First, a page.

7. Oh Laura– the color of that molasses!! It invites a pour over anything! And I love all the combinations you suggested– things I never would have thought of– great healthy suggestions… And Loki! We had a little terrier, Snickers, years ago (I’m sure everyone’s going to send you there dog tales)– He was a jumper as well. Over the 6′ fence several times. We couldn’t believe it–but always were able to locate and retrieve that guy! Happy eating– and hugs to Loki and you all… xo

    • Oh thank you lovely! Yes it’s pretty delicious, so easy to use in all sorts of vegetable dishes. Wow, I can’t believe Snickers jumped over the 6′ fence, that is AMAZING! Athletic little guy. So glad he always came back home though. P.S I love hearing dog stories, they’re so much fun! Hugs back xx

      • Oh, we have a hundred Snickers the dog stories! He’s gone now, but I think of him sitting at my feet every night while I cooked dinner, begging for a scrap. Hugs to you (and Loki!).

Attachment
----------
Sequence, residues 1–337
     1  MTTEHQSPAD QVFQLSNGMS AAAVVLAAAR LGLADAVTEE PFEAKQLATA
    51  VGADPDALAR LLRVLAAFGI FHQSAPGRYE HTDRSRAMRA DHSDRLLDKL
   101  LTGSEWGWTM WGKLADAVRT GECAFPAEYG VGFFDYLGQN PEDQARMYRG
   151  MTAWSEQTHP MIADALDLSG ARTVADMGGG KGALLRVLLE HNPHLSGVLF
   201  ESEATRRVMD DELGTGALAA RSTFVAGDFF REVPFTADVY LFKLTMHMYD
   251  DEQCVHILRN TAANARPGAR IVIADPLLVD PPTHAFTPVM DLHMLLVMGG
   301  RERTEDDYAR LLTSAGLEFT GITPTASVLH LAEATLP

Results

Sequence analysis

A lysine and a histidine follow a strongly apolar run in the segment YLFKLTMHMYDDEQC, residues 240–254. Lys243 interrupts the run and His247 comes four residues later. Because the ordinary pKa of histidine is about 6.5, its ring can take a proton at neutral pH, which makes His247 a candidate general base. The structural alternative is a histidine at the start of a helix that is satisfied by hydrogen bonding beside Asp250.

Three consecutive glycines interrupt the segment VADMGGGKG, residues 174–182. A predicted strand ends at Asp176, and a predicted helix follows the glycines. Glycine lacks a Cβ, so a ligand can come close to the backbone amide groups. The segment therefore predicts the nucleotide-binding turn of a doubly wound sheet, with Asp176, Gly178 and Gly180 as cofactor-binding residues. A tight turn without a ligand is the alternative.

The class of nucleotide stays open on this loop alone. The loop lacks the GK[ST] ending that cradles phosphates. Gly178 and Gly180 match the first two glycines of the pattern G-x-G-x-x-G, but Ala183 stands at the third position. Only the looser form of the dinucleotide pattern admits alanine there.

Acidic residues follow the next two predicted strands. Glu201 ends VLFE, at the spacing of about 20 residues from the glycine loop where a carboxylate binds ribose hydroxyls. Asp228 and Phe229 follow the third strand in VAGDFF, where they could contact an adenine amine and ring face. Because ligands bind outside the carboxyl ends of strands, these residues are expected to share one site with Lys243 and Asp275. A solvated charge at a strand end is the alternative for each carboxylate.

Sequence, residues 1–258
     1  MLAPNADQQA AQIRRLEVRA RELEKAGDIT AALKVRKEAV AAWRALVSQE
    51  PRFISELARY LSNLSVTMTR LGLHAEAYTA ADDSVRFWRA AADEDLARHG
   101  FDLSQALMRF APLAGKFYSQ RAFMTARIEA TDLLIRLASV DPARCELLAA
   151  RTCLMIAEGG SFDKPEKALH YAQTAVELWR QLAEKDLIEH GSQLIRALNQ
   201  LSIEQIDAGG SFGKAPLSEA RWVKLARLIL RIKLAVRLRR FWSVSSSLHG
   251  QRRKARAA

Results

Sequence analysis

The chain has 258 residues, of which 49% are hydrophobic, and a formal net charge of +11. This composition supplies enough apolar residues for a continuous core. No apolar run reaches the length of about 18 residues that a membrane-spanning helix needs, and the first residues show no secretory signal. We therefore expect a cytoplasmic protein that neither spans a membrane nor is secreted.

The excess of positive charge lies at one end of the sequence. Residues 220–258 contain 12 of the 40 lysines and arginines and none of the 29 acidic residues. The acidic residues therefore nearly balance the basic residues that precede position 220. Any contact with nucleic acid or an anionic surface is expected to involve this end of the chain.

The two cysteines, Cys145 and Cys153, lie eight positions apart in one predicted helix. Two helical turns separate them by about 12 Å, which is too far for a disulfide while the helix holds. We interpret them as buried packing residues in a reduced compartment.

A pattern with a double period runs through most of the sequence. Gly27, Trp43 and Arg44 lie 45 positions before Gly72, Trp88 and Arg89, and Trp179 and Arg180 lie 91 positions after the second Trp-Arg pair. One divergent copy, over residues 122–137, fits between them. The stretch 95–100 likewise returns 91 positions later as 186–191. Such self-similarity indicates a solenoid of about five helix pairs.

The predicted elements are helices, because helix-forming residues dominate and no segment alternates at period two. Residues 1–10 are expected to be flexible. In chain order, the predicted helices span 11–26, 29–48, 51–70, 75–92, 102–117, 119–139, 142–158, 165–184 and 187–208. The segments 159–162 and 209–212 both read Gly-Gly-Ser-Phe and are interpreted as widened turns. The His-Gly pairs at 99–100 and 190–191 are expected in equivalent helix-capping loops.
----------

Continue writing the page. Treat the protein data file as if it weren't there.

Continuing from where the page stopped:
8. I use pomegranate molasses all the time but have been lazy and bought it! I need to try yours, especially since we have a pomegranate tree! Cute pic of (most of) you and Loki! xx

    • That sounds absolutely ideal David, having a tree would make it super easy (and pretty cheap, I imagine!). Haha, thanks for the kind words on the pic. Yep, me being headless is the usual ;) x

  9. OMG the cat! I laughed so hard. I must have scared our two cats to death when they were kittens because neither ventures near the kitchen benches. Kinda makes me sad after seeing that great photo.

    I’ve never made pomegranate molasses but I’d love to. I’ve bought some, sure but never made it myself.

    • Haha, thanks Maureen! Animals always make things more fun (or dangerous and unpredictable!) don’t they? It’s probably a good thing that your cats don’t go near the kitchen benches. Luckily Loki can’t actually get on the surfaces but my friend with cats always finds their hair all over the clean dishes!

      The molasses is super easy to make and in my opinion it tastes even better than the pre-bottled stuff. As a couple of other people have suggested, you could probably even make it easily from bottled pomegranate juice (preferably sugar free but I guess the amount of sugar could be reduced if the juice has sugar).
      Thanks so much for the comment lovely! x